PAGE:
Sunday, June 17, 2007

Utmost Support to SB 30 - Ellen Wood, Camp Sherman

Dear Representatives:

I give my utmost support to SB30, a measure to protect the Metolius Basin from development. I have lived in Camp Sherman for the last 30 years and have recreated in this area with my family for 20 years before that.

I am sick at the thought of destination resorts, or any large scale development in the area, as are the majority of residents in Camp Sherman. The Metolius is unparalleled in its quiet, serene setting and attracts hundreds of thousands of tourists every year. Large scale development of the Basin would ruin it and deprive the many tourists from around the world who visit, and future generations, from enjoying this unique natural environment. It is Oregon's most precious gem and warrants protection from its legislators.

The private property rights of a few, such as the Lundgren and Colson families, should not be allowed to ruin a national treasure belonging to the public. Nor should Jefferson County be permitted to throw out land use regulations that the Local Advisory Committee (LAC) spent 10 years to develop. It is the County who is not following land use protocol. The Oregonian was mistaken about this issue and obviously did poor investigative reporting. Tom Landis, was the Chair of the LAC here in Camp Sherman and can confirm this fact. It is only because land use regulations have been ignored is there necessity for SB30. Sen. Betsy Johnson has been an advocate for the residents of Camp Sherman on this issue. I personally talked to her, before the death of her mother, Becky Johnson, and she informed me of her mother's desire to fight the development of destination resorts in the Metolius Basin.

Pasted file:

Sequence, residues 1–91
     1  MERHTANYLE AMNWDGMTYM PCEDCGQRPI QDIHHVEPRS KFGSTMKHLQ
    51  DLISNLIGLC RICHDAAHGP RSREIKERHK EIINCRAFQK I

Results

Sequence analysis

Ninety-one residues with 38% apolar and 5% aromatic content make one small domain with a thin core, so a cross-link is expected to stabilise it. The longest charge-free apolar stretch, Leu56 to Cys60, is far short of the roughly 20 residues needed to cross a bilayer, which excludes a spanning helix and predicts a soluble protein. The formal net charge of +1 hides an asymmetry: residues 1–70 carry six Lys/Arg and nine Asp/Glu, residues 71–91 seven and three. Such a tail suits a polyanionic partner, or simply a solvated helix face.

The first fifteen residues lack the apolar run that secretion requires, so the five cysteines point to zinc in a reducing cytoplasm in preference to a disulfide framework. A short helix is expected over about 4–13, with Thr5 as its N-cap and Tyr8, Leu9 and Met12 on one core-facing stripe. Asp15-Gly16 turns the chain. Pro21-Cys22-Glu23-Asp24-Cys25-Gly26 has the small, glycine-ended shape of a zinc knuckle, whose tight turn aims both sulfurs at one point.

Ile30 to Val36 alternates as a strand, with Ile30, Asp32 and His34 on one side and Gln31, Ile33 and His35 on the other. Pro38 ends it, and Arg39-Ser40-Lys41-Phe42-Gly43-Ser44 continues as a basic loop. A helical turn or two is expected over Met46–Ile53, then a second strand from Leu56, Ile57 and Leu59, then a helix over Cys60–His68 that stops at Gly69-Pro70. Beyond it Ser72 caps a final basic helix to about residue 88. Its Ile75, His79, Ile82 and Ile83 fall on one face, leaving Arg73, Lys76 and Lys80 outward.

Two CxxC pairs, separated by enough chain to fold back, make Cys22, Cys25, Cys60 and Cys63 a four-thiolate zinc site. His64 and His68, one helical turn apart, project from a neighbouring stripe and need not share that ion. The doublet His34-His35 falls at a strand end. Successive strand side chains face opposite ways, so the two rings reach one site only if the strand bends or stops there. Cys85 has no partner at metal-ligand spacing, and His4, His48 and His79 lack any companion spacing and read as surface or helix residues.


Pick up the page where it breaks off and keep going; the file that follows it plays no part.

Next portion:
The Metolius River has had many appreciative fans through the years, including my great grandfather Charles Erskine Scott Wood. The Metolius has been the inspiration to poets, painters, writers and photographers. Here is an excerpt from his book Poet in the Desert where he argues for the protection of Nature from Man.

Is there any flaw in Nature,
Or any wart upon her excellence?
I know not at what time,
For nature regards not the clock of the heavens
And keeps no calendar;
But I know she will not construct this beauty
And endure Man's ugliness
She will not scatter out of her treasure-house
This plenty and endure that Man
Should plunder his brother;
Shall her child destroy her house of eternity?
Or shall he pass into oblivion and her palace
Of ecstasy remain?

Let us listen to our forefathers and protect this beautiful place, unlike no other.

Ellen Wood
Camp Sherman, Oregon

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